What an HOA Can Do
HOAs have the authority to establish and enforce rules and regulations that govern the appearance and maintenance of properties within the community. However, there are limitations, which are usually defined by state laws. Some common things HOAs can regulate include:
- Exterior paint colors and finishes.
- Maintenance and repair of exterior surfaces, such as fences, roofs, or sheds.
- Landscaping and yard maintenance.
- Architectural modifications and additions.
What an HOA Can’t Do
While HOAs can enforce rules about exterior colors and yard maintenance, they do not have unlimited power. Some of the things HOAs cannot do include:
- Discriminate based on protected characteristics.
- Enforce rules that contradict the law.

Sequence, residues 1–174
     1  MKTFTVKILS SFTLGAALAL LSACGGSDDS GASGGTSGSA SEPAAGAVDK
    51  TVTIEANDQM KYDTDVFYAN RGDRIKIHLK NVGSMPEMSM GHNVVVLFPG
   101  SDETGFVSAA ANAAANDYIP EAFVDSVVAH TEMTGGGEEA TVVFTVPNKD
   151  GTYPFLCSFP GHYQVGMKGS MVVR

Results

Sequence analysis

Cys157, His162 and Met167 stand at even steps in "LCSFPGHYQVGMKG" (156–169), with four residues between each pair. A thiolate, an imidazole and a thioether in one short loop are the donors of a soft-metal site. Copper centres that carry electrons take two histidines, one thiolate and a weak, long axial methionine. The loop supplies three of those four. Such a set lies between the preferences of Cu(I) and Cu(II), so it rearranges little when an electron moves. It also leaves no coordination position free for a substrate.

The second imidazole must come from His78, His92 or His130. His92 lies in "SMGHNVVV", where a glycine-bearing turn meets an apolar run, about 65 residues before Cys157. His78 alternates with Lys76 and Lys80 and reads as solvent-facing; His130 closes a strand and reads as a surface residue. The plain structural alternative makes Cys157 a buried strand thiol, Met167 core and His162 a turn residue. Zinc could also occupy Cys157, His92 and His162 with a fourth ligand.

- Impose overly restrictive rules.
- Interfere with constitutional rights, such as freedom of speech or religion.
- Prohibit solar panels, political signs, American flags, satellite dishes, and antennas, or rentals.
Can HOAs Make You Paint?
Yes, an HOA can require you to maintain your home, which includes repainting when necessary. Depending on your HOA, this might include specific color palettes or requirements for paint quality. Homeowners that do not comply can be fined by the HOA.
Can You Paint How YOU Want?
The exact rules regarding paint color and finishes usually vary from one HOA to another. Some HOAs may be more lenient, allowing you a degree of flexibility in choosing paint colors. Others have stricter requirements. Make sure you review your HOA’s guidelines and seek approval before making any significant changes to your home’s exterior.
How to Get HOA Approval for Your Exterior Painting Job
Depending on the HOA you live in, you may need to get approval before starting an exterior paint job. Whether you’re doing it yourself or hiring contractors, such as the professionals at Boise Home Painting, you’ll need to be well-versed in the rules and regulations of your HOA.